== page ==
Situating my novel in terms of genre, literary agents and potential publishers.

I should say at the outset that in terms of length, I am going for a novella. This suits the tight writing style I have and I look towards the examples of writers such as Penelope Fitzgerald in The Bookshop, Christopher Isherwood with A Single Man and Muriel Spark in The Prime of Miss Jean Brodie etc.

I create fiction within a historical framework, the story takes the reader to a different time and place. In my case, Eastern Europe during the Communist Era. This is partly because it was a period when the choices people made were determined by the socio-politico situation of the country and their own principles and beliefs.

I am not writing historical fiction in the sense of Hilary Mantell’s Woolf Hall but more in the sense of The Puppet Boy of Warsaw by Eva Weaver, The Book Thief by Markus Zusak and The Secret History by Donna Tartt. The story is character and action driven with the social and political events of the time being relevant to the character and forming an essential raison d’etre for their actions and responses.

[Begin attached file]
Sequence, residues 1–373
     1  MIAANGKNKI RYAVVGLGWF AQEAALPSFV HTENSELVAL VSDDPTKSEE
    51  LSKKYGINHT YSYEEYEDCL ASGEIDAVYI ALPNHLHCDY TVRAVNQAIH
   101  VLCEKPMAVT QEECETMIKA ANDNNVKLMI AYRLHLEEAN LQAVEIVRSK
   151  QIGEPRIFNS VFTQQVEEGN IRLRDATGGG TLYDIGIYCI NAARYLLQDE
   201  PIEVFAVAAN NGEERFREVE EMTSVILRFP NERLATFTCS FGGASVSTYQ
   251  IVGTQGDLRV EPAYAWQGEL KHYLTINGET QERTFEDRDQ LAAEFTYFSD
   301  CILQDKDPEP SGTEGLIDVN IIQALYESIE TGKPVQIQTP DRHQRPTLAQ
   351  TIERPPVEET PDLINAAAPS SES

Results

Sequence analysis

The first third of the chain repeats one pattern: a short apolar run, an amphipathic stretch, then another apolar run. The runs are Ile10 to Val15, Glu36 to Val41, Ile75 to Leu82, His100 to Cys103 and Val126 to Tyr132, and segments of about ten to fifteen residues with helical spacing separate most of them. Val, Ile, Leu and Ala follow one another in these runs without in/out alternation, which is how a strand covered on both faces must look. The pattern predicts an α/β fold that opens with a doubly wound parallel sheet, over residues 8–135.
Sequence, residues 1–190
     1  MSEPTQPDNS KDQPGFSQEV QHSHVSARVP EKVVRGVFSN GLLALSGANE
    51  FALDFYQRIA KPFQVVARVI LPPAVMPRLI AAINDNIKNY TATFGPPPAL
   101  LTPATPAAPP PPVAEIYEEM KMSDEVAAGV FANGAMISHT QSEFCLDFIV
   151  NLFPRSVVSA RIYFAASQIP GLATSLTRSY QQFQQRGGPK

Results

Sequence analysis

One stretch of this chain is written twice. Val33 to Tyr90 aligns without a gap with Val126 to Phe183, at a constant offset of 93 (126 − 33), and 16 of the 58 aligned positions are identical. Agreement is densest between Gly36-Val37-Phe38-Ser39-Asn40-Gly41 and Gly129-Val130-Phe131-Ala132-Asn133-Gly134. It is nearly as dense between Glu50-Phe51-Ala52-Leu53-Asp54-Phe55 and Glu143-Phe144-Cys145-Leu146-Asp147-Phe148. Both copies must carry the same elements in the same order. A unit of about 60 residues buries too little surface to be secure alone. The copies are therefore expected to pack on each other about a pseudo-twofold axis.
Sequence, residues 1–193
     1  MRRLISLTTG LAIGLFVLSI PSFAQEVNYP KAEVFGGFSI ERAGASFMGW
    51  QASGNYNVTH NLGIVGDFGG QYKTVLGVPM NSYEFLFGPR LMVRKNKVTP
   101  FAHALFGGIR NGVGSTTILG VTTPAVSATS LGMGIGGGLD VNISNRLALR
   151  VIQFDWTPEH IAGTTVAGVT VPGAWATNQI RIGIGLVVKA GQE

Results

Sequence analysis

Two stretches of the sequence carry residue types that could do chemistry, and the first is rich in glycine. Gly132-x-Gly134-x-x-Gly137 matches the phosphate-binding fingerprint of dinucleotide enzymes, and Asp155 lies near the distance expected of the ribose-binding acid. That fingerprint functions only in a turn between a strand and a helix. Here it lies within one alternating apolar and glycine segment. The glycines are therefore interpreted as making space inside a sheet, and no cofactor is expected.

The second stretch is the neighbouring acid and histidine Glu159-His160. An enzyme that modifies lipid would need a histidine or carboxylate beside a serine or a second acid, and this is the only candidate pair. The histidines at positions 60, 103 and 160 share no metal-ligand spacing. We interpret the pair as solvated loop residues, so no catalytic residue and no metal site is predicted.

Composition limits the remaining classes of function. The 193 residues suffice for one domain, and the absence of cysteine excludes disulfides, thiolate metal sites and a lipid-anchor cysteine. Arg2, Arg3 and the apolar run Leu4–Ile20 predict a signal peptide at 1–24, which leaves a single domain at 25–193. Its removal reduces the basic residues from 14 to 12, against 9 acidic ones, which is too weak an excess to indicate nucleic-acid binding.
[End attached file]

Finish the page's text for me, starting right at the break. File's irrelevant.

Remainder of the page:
At the end of the day, the setting will (I think) determine the publisher. Publishers who have experience of this territory are One World Publishers ( and Peter Owen ( Publishers who print commercial contemporary literature are Black Swan (The Book Thief), Weidenfeld & Nicolson (The Puppet Boy of Warsaw) and David Fickling Books ( publisher of John Boyne’s The Boy in the Striped Pyjamas.

In terms of agent, it would have to be someone familiar with this territory. Kirsty Dunseath, Fiction Publishing Director, Weidenfeld & Nicolson has a good track record in this field. Agents who seem to be familiar with the type of work I wish (or am) to produce are Debbie Carter or Waverly Place Literary Agency in New York, Monika Woods of Inkwell Management (she likes books connected with Poland) and possibly Greene & Heaton in the UK ( as they look after Sarah Walters.